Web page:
We sometimes hear criticism that the LDS Church is too “American” — that its culture is too informed by the cultural context of the United States.
I thought of that, when I read the following passage from Pope John Paul II’s 1998 encyclical Fides et ratio (“Faith and Reason”):
In preaching the Gospel, Christianity first encountered Greek philosophy; but this does not mean at all that other approaches are precluded. Today, as the Gospel gradually comes into contact with cultural worlds which once lay beyond Christian influence, there are new tasks of inculturation, which mean that our generation faces problems not unlike those faced by the Church in the first centuries.
My thoughts turn immediately to the lands of the East, so rich in religious and philosophical traditions of great antiquity. Among these lands, India has a special place. A great spiritual impulse leads Indian thought to seek an experience which would liberate the spirit from the shackles of time and space and would therefore acquire absolute value. The dynamic of this quest for liberation provides the context for great metaphysical systems.
In India particularly, it is the duty of Christians now to draw from this rich heritage the elements compatible with their faith, in order to enrich Christian thought. In this work of discernment, which finds its inspiration in the Council’s Declaration Nostra Aetate, certain criteria will have to be kept in mind. The first of these is the universality of the human spirit, whose basic needs are the same in the most disparate cultures. The second, which derives from the first, is this: in engaging great cultures for the first time, the Church cannot abandon what she has gained from her inculturation in the world of Greco-Latin thought. To reject this heritage would be to deny the providential plan of God who guides his Church down the paths of time and history….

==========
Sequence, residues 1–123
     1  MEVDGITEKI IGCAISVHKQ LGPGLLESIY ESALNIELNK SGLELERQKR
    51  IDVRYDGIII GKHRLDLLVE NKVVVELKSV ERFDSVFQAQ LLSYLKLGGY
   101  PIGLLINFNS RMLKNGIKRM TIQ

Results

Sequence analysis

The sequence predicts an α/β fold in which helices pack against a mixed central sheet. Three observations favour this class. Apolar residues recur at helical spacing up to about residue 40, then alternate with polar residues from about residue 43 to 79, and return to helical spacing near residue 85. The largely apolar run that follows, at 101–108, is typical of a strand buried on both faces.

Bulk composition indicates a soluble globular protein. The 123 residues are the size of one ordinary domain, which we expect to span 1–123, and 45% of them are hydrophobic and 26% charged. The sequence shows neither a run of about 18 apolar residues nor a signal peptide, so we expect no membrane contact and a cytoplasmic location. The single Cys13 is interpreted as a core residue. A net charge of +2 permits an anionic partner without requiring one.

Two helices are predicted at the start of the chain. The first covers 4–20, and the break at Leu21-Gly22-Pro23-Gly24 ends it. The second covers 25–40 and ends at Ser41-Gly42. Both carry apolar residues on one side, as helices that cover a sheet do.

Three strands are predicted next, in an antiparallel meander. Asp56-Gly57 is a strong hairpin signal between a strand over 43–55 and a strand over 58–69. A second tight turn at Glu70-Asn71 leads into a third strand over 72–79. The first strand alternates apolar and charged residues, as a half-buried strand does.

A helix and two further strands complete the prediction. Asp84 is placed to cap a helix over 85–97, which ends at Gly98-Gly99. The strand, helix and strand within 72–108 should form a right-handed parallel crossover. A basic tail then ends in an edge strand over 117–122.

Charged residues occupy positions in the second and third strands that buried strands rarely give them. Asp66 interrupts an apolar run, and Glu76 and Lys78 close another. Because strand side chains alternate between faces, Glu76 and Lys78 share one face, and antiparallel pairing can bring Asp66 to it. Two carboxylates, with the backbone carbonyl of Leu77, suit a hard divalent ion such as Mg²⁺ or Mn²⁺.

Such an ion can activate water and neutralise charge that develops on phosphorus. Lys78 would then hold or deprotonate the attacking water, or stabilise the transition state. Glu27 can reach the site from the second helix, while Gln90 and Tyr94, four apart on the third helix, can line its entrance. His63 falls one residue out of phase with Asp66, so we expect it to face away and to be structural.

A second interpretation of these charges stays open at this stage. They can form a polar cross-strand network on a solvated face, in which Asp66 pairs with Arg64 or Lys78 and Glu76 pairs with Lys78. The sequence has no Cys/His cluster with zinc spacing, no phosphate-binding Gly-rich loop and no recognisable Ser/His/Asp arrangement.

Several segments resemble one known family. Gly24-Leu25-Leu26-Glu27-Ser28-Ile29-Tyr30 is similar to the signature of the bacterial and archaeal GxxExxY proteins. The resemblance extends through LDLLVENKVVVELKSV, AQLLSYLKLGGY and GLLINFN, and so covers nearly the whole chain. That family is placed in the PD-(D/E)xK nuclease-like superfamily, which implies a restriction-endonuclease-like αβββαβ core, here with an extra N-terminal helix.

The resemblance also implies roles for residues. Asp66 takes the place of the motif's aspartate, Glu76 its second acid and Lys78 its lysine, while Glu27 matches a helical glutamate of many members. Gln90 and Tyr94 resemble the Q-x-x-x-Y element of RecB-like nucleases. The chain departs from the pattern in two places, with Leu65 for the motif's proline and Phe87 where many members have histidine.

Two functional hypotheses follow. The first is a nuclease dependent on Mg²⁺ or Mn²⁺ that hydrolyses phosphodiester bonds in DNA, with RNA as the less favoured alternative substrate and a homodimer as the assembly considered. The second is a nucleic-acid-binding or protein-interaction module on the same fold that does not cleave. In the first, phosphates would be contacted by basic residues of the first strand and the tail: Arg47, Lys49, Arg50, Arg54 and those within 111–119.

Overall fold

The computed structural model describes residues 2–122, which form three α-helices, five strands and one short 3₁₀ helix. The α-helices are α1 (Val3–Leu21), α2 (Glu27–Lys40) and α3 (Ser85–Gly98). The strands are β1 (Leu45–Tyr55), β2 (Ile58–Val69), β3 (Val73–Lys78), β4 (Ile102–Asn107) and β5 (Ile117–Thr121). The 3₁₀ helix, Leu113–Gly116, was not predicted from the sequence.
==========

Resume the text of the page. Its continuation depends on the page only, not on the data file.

What do you think of this? Is it a fair conclusion (from a Catholic perspective) that because Christianity was “incultured” in the world of classical thought, this was part of God’s plan?
Now of course Mormons might say that this “inculturation” was actually the unfolding of the Apostasy — the mingling of scripture with “the philosophies of men.” And yet much of even latter-day Scripture does seem to be addressed to peculiarly Western religious concerns, and couched in a Western idiom, informed in large part by the thinking of classical antiquity.
What of the underlying point — that the culture in which a universal religious system is revealed, is not a matter of chance, but rather of divine providence?
As someone who thinks the chant “USA! USA!” is one of the most inane noises ever invented (although I suppose it would be kinda hard to make one of the more profound expressions of good American patriotism, like Lincoln’s Second Inaugural, sound good at a hockey game), I can see how non-Americans could see the notion that God chose to restore the Church in America as coming across as a little America-centric, even boosterish. But could it be true, nevertheless?